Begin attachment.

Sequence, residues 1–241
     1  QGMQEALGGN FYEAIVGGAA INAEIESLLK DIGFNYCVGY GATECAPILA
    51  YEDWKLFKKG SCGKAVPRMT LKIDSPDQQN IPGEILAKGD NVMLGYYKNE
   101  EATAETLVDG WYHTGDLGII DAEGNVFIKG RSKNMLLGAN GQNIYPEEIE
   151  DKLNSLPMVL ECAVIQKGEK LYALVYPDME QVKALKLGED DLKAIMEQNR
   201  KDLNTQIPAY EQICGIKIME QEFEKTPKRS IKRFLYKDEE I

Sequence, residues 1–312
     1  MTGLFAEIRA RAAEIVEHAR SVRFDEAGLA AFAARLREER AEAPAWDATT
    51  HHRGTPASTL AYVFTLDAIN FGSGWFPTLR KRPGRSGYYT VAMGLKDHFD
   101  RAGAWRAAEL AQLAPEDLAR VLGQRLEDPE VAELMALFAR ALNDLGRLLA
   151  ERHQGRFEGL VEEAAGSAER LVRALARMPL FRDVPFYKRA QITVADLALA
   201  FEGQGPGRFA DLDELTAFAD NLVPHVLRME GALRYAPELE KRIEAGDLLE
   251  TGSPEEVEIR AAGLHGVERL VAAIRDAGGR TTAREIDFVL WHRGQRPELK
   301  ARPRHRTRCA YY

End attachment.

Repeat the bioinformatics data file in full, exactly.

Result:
Sequence, residues 1–241
     1  QGMQEALGGN FYEAIVGGAA INAEIESLLK DIGFNYCVGY GATECAPILA
    51  YEDWKLFKKG SCGKAVPRMT LKIDSPDQQN IPGEILAKGD NVMLGYYKNE
   101  EATAETLVDG WYHTGDLGII DAEGNVFIKG RSKNMLLGAN GQNIYPEEIE
   151  DKLNSLPMVL ECAVIQKGEK LYALVYPDME QVKALKLGED DLKAIMEQNR
   201  KDLNTQIPAY EQICGIKIME QEFEKTPKRS IKRFLYKDEE I

Sequence, residues 1–312
     1  MTGLFAEIRA RAAEIVEHAR SVRFDEAGLA AFAARLREER AEAPAWDATT
    51  HHRGTPASTL AYVFTLDAIN FGSGWFPTLR KRPGRSGYYT VAMGLKDHFD
   101  RAGAWRAAEL AQLAPEDLAR VLGQRLEDPE VAELMALFAR ALNDLGRLLA
   151  ERHQGRFEGL VEEAAGSAER LVRALARMPL FRDVPFYKRA QITVADLALA
   201  FEGQGPGRFA DLDELTAFAD NLVPHVLRME GALRYAPELE KRIEAGDLLE
   251  TGSPEEVEIR AAGLHGVERL VAAIRDAGGR TTAREIDFVL WHRGQRPELK
   301  ARPRHRTRCA YY